Kyrgyz man convicted of supporting ISIL

By Sanzhar Sharipov


Convicted ISIL sympathiser Nurlan Motuyev is shown March 24, 2015, in Bishkek, when he expressed his support for ISIL. [MVD photo obtained by Sanzhar Sharipov]

BISHKEK -- Nurlan Motuyev, the leader of a political movement in Kyrgyzstan, is going to prison for his support of the "Islamic State of Iraq and the Levant" (ISIL).

The Sverdlovsk District Court in Bishkek August 23 sentenced him to seven years of prison for inciting terrorism.

The court found him as well of "inciting inter-ethnic, racial, religious or inter-regional hatred", the Supreme Court press office told Caravanserai.

To circumvent a ban on ISIL propaganda in Kyrgyzstan, "[last] November Motuyev intentionally placed pictures of [ISIL] militants ... on his Facebook page", the Supreme Court press office said.

Making the case against himself

Motuyev made his sentiments clear in a variety of fora: a news agency's site last November, a video interview that appeared online in January, and an interview with a Kyrgyz newspaper (Asia News) in February.

Armed with all the evidence that Motuyev had provided, authorities eventually acted.

"He was arrested in Bishkek May 12 during a forum organised by the NGO People's Parliament," State National Security Committee (GKNB) spokesman Ulanbek Jalildinov told Caravanserai. "During his speech, he urged ... everyone to start living according to mujahideen principles."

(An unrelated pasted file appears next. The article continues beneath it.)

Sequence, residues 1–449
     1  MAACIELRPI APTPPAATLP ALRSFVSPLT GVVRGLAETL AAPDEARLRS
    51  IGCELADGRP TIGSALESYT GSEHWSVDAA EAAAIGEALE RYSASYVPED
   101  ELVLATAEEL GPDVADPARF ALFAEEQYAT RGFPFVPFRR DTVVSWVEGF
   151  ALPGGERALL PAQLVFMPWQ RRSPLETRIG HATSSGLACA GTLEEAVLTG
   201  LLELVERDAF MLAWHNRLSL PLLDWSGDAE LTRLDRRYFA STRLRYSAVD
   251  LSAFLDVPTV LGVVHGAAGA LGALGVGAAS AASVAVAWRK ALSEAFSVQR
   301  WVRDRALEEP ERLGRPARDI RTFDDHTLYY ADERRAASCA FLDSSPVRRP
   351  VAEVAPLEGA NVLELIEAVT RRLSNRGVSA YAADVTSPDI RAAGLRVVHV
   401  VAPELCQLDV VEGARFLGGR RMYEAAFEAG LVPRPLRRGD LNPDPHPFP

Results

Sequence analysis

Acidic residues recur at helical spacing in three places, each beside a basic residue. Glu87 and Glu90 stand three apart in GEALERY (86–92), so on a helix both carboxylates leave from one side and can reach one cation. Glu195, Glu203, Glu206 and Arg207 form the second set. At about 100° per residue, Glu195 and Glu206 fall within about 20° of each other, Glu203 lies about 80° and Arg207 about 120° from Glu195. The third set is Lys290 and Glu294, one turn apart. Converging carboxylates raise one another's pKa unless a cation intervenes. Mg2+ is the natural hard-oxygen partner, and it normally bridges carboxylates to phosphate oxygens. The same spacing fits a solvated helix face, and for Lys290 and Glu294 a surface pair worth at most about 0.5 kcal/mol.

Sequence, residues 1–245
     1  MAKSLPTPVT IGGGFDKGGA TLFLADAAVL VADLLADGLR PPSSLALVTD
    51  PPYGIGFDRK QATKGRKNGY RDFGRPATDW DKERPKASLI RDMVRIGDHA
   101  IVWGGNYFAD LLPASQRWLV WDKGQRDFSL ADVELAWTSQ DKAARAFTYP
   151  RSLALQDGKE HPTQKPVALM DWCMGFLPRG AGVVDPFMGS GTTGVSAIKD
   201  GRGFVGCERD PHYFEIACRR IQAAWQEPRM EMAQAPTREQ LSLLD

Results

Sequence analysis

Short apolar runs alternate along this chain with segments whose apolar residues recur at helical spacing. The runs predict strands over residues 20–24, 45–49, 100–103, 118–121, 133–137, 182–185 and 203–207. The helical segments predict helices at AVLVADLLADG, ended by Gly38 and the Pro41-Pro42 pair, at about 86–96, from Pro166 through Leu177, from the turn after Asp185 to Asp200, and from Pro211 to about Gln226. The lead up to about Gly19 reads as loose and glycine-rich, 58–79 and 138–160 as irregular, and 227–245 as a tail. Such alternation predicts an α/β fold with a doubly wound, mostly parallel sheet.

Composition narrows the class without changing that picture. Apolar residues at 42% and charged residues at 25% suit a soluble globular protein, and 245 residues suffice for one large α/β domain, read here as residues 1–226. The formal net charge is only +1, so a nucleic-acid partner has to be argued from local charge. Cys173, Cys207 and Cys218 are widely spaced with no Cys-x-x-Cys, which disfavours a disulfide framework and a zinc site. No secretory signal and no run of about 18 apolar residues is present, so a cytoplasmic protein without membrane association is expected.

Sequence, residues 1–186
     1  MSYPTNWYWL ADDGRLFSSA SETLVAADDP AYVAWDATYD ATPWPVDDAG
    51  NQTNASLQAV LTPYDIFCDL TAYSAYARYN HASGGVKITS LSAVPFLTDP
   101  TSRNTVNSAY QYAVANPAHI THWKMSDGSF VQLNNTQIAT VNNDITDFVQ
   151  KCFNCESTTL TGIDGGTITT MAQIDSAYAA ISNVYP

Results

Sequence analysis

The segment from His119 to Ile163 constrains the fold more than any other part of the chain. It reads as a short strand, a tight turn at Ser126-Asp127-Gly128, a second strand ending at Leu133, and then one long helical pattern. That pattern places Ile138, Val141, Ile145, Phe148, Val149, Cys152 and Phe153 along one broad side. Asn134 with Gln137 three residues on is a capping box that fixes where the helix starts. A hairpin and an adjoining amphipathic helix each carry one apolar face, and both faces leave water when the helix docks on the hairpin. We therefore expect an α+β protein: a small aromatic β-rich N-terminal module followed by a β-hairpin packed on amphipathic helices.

The State Commission for Religious Affairs (GKDR) May 13 concluded that Motuyev's speech contained ISIL propaganda, Jalildinov said.

Once questioned at his trial, Motuyev admitted his guilt and repented, Jalildinov said.

"Besides giving interviews to the media, Motuyev was active on social media networks," Jalildinov said. "His sympathy for [ISIL] became clear."

Motuyev, 47, is a detestable character who took up extremist views in an attempt to score political points, Bishkek political scientist Arslan Moidunov told Caravanserai.

"In March [2015], Motuyev said that he not only supported ISIL but was ready to launch an Islamic revolution in Kyrgyzstan," Moidunov recalled.

A possible threat in prison

The court handed down an appropriate sentence, but Motuyev might still be a threat behind bars, Moidunov said.

"He'll probably keep calling for 'jihad' even though he's going to prison," Moidunov said.

Authorities reportedly intend to keep him under observation in prison, to thwart any efforts by Motuyev to proselytise.

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